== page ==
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Name: Hudson v. Superior Court
Case #: E065645
Court: CA Court of Appeal
District 4 DCA
Division: 2
Opinion Date: 01/24/2017

Prosecution for offering a false instrument (Pen. Code, § 115) precluded where more specific statute (Govt. Code, § 87203) applies to defendant’s act of filing a statement of economic interest form that did not fully disclose her property interests. Hudson was the secretary of the board of directors for the Palo Verde Healthcare District. Among other offenses, a grand jury indicted Hudson for five felony counts of offering a false instrument (Pen. Code, § 115) for failing to list her husband’s property on an annual economic interest form (Form 700). Hudson moved to dismiss the indictment on various grounds, including that any prosecution must be under the more specific statute, Government Code section 87203, which provides that failing to file an economic interest form is a misdemeanor. The trial court denied her motion and she filed a petition for writ of prohibition in the Court of Appeal. Held: Peremptory writ issued. Under In re Williamson (1954) 43 Cal.3d 651, “if a general statute includes the same conduct as a special statute, the court infers that the Legislature intended that conduct to be prosecuted exclusively under the specific statute.” (People v. Murphy (2011) 52 Cal.4th 81, 86.) The rule applies “either when the general statute and the specific statute share the same elements, or ‘when it appears from the statutory context that a violation of the special statute will necessarily or commonly result in a violation of the general statute.'” (Quoting ibid.) A person may violate section 87203 not only by failing to file a Form 700, but also by filing a form that fails to make the necessary disclosures. Since a violation of section 87203 will commonly result in a violation of section 115, Williamson requires that Hudson be prosecuted under section 87203 only. The Court of Appeal rejected the People’s argument that Government Code section 91014 reflected a legislative intent to allow prosecution under both statutes.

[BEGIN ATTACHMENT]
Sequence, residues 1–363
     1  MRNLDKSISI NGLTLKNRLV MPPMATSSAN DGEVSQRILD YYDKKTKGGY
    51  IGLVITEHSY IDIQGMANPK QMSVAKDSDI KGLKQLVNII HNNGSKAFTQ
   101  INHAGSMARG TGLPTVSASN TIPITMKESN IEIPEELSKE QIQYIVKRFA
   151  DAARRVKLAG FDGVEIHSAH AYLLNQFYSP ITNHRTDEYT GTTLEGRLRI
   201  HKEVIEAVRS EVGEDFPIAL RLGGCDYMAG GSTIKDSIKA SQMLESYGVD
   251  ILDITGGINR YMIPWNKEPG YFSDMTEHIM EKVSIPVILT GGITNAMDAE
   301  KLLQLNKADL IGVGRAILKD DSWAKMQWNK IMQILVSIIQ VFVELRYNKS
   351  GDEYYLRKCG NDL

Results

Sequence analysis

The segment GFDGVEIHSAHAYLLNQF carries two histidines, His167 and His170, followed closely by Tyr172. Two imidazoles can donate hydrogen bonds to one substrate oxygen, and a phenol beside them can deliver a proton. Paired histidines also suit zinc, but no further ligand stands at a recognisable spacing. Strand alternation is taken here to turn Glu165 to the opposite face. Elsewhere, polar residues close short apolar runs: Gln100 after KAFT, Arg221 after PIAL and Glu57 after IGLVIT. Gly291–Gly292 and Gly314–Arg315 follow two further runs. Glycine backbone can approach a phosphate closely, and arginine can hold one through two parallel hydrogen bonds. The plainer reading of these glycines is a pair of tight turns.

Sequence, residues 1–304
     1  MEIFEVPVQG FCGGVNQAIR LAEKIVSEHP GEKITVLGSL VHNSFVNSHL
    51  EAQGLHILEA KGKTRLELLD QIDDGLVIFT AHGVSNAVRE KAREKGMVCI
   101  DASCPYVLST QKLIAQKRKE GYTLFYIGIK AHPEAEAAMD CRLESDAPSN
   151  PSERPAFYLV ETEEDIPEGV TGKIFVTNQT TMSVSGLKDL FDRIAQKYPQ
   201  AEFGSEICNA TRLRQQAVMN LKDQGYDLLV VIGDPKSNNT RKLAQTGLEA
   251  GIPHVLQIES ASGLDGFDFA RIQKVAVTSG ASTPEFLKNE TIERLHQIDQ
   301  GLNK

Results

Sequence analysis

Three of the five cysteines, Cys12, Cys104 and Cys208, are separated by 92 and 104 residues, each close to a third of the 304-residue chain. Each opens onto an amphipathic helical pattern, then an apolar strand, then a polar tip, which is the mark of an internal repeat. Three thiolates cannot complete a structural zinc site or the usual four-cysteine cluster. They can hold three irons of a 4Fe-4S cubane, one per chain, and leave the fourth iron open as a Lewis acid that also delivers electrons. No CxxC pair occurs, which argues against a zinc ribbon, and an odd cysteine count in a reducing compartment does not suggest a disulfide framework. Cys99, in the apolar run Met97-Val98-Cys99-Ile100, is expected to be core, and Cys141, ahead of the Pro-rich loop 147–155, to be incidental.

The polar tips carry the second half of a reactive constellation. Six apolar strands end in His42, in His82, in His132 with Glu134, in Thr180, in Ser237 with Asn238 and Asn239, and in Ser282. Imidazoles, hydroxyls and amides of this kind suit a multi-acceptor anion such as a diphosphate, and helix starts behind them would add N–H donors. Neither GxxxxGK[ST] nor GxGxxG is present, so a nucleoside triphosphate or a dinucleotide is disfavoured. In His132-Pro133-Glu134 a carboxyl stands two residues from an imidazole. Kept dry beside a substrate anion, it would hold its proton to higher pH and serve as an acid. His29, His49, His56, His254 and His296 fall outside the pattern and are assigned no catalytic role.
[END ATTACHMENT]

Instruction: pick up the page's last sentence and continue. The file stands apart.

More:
Trial court did not err by allowing the prosecution to amend the charging documents to adequately plead tolling of the statute of limitations. Hudson moved for dismissal of five counts under Penal Code section 995 on the ground that the prosecution had failed to adequately plead tolling of the statute of limitations. The trial court agreed that the indictment’s tolling allegations were insufficient, but granted leave to amend. Hudson argued this was error and that dismissal was required. The Court of Appeal disagreed. While Hudson captioned her motion as one for dismissal under section 995, it was actually an attack on the sufficiency of the tolling allegations based on the face of the indictment. A section 995 motion seeks review of the indictment or information “on the basis of the record made before the grand jury.” A demurrer, by contrast, is authorized if the “defect appears on the face of the pleading.” Since Hudson’s attack was based on the face of the indictment, it should have been captioned a demurrer. And when a court sustains a demurrer, the court must permit the filing of an amended complaint. (Pen. Code, § 1007.) The trial court did not err.

The full opinion is available on the court’s website here: